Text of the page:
In America there seems to be a pill for just about every ailment. But an area that’s lacking effective medicine, is the area of obesity and weight loss. Despite best efforts by drug companies and surgeons, obesity simply cannot be cured by pills, shots or even surgery. And, that’s not for a lack of trying by either!
We have seen prescription medications, supplements and shots come and go in search of a viable solution to drop unwanted pounds. Drugs have not effectively answered the problem, despite billions of dollars spent in research. Unfortunately, these medications have had at least one, if not many, dangerous and sometimes deadly side effects.
The most common risks associated with weight-loss products tend to be issues with the heart and blood pressure. Many of the drugs in this category put added stress on the heart, which can sometimes result in serious events such as heart attack, stroke or even death. Here are some of the medicines that have come and gone throughout the last couple decades.
Ephedra, an evergreen plant found in Central Asia and Mongolia, contains the active compound known as ephedrine. Ephedrine is a powerful stimulant of the central nervous. Ephedra, in recent years, became popular as a dietary supplement for weight loss, increased energy and athletic performance. The USDA announced a ban on supplements containing ephedra in 2003, marking it the first supplement to be banned. This ban came after more than 16,000 reports showing that ephedra could be dangerous and linking it to roughly 155 deaths.
Fen-Phen, one of the more popular weight loss drugs, was made of both fenfluramine and phentermine. Fenfluramine is a drug that causes the body to release more serotonin, while phentermine is a stimulant. The drug was shown to be effective for weight loss, but later studies revealed pulmonary hypertension and heart-valve abnormalities, which may have been caused by excessive serotonin. It also caused heart-valve problems that required heart surgery, as well as primary pulmonary hypertension, a serious disease with no cure.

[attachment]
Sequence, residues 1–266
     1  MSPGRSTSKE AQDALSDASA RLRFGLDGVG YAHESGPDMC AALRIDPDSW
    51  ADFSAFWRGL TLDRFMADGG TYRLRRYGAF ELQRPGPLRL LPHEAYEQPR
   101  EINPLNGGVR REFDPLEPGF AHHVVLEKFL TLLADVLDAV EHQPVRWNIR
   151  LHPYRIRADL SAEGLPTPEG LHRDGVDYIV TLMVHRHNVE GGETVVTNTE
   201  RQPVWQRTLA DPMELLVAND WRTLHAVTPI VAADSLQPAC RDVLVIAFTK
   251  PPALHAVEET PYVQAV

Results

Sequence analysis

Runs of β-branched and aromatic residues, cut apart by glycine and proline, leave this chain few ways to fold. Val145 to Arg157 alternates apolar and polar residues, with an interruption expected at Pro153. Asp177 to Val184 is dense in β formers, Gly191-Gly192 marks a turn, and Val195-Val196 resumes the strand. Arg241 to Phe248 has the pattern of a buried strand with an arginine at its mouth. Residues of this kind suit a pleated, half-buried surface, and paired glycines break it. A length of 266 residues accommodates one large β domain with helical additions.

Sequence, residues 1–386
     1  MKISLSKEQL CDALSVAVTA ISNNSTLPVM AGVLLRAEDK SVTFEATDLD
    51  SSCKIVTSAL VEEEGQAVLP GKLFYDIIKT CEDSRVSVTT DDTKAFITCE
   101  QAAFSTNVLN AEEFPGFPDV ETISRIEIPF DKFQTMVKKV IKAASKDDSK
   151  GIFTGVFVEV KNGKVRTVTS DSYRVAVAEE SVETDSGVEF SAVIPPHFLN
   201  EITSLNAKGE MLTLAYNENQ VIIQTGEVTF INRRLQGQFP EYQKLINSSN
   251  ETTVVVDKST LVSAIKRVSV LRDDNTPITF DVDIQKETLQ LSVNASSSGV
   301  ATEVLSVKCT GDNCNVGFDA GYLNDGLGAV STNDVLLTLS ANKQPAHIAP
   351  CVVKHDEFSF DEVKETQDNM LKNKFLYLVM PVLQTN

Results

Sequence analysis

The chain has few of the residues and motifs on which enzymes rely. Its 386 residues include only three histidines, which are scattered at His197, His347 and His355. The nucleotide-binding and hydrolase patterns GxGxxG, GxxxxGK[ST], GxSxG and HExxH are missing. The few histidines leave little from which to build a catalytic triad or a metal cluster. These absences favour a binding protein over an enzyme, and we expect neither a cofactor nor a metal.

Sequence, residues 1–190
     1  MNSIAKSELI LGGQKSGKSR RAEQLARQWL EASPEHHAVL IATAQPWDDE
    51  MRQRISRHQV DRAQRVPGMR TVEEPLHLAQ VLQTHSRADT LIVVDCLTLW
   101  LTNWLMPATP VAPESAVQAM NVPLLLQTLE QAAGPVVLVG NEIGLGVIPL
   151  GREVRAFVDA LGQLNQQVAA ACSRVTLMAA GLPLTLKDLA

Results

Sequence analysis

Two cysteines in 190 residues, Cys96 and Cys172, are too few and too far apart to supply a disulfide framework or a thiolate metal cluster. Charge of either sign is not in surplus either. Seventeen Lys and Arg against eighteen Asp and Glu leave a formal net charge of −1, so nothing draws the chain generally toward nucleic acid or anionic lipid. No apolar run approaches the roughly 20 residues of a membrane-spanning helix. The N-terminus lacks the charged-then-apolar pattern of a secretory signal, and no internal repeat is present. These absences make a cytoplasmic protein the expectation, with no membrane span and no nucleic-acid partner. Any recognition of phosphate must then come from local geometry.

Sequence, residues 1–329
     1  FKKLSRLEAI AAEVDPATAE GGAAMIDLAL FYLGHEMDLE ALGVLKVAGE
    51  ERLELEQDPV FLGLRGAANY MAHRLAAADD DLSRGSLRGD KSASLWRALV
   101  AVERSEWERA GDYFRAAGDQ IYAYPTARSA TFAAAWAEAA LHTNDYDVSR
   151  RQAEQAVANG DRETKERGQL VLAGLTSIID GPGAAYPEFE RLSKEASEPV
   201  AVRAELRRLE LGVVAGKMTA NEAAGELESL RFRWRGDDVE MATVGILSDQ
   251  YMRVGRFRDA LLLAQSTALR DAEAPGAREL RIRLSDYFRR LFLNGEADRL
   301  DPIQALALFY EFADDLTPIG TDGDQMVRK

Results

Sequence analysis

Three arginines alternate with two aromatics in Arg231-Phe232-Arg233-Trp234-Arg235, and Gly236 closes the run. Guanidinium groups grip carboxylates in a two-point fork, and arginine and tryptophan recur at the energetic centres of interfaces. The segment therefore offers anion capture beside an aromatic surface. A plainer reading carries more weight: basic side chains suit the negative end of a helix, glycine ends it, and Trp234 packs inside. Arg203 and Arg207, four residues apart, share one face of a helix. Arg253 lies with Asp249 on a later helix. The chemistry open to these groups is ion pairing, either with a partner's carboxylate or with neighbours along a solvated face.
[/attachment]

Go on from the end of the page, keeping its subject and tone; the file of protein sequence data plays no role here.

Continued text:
Sibutramine is a weight-loss drug that was sold under the brand name Meridia. In 2003, studies noting adverse effects from the drug, including significant increases in blood pressure, pulse rate and heart palpitations were added to the petition. In 2010 Sibutramine was taken off the market because of safety concerns and public pressure. The manufacturer of Sibutramine decided to stop producing the drug based on evidence of increased risk of heart attack and stroke.
What can we learn from all of this? When it comes to being overweight or obese, pills simply cannot reverse years of unhealthy eating and inactivity. To lose weight effectively and safely, it requires lifestyle change. It requires healthier eating, smaller portions, more fruits and vegetables, less processed food, and more moving your body. It isn’t glamorous, but it works!